Student loans can be one of the most important aspects of your education and one of the most confusing and complex parts of your financial life. 

So before applying for loans for students, make sure you’re fully prepared to do so by following these steps to apply for student loans so that you don’t end up paying too much in interest or taking on more debt than you can handle.

8 Common Steps to Filling Out Loans for Students

Some may think that you just Fill out the FAFSA form, Find the right school, and just Consider your career path. But, the steps are a bit more involved. They include:

  1. Check the eligibility criteria set by your school, including your qualifications and whether or not you will require a loan.
  2. Fill out the Free Application for Federal Student Aid (FAFSA)
  3. Check your eligibility
  4. Appear in person at a lender with your identity and income documents 
  5. Complete a loan application
  6. Sign an entrance counseling video
  7. Read and sign the promissory note
  8. Check interest rates

After following these steps, you’ll be ready to apply for student loans. Of course, there are many more that you can take when it comes to paying back the loan, but this is just about getting the money in the first place.

Know How Much You Need

You should figure out how much you’ll need to cover your costs by determining your total annual expenses and any other one-time expenses.

Compare Your Options

Before deciding which student loan program is best for you, it’s important to compare your options. Here are a few things to consider when comparing loans:

The interest rate on the loan determines how much money you will end up paying back over time. Lower interest rates typically mean lower monthly payments and higher total interest paid over the life of the loan.

Types of repayment plans can help make monthly payments more manageable. These include income-driven repayment plans and Public Service Loan Forgiveness programs that allow you to have your loans forgiven after ten years if you work in public service. Repayment periods vary from 10 to 30 years, depending on the type of loan.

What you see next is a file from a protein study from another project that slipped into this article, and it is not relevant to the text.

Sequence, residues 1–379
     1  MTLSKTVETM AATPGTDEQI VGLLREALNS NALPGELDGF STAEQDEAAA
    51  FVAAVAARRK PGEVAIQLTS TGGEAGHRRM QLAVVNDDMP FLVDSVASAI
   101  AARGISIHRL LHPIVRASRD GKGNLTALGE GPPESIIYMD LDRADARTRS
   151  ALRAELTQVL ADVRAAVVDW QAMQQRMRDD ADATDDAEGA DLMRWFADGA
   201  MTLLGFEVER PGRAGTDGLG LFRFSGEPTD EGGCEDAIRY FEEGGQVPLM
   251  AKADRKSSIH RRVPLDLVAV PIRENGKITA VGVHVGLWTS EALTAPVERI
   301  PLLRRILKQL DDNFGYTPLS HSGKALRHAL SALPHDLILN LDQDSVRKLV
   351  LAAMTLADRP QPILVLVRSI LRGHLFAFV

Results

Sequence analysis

Estimate the Cost of Attendance

Get your Free Application for Federal Student Aid (FAFSA), then use the Financial Aid Estimator to help estimate your financial aid eligibility. First, enter your family income and education information, and then press Calculate. The calculator will then show you an estimated amount of money you might be eligible for.

Calculate Your Eligibility and Expected Family Contribution (EFC)

You can determine your eligibility and expected family contribution by using the government’s Federal Student Aid Eligibility Calculator, which is available on the FAFSA website. According to Ascent Funding, “There are two categories that are taken into account when determining eligibility: Cost of Attendance (COA) and Expected Family Contribution (EFC).”

Understand Repayment Plans

Decide what type of repayment plan you want (Income-Based Repayment, Pay As You Earn, or Standard). Income-Based Repayment only requires that you make payments equal to what you’d spend on a certain percentage of your discretionary income. 

Pay As You Earn – limits the monthly payment to 10% of your discretionary income and forgives any remaining debt after 20 years of repayment. Standard – with this option, borrowers can apply for forbearance if they cannot afford their monthly payments.

Where to Get Help with Applying

Students can go to their school’s financial aid office and complete the necessary paperwork. Students can also contact lenders directly to find the best loans for them.

Use the Right Resources

Use the government’s student loan estimator to determine how much you may be eligible to borrow. Then, check with your college’s financial aid office. They will guide you through the application process and send your information to lenders on your behalf.

Check Other Details Before Signing on the Dotted Line

Before you sign on to any loans, check out your repayment options with your school’s financial aid office. For example, You may find that an income-based repayment program suits your needs better than a traditional fixed payment plan.

It’s important to stay in contact with your lender and keep track of your application status. If you find a college loan incorrectly reported on your credit report, you can dispute it by contacting one of these agencies.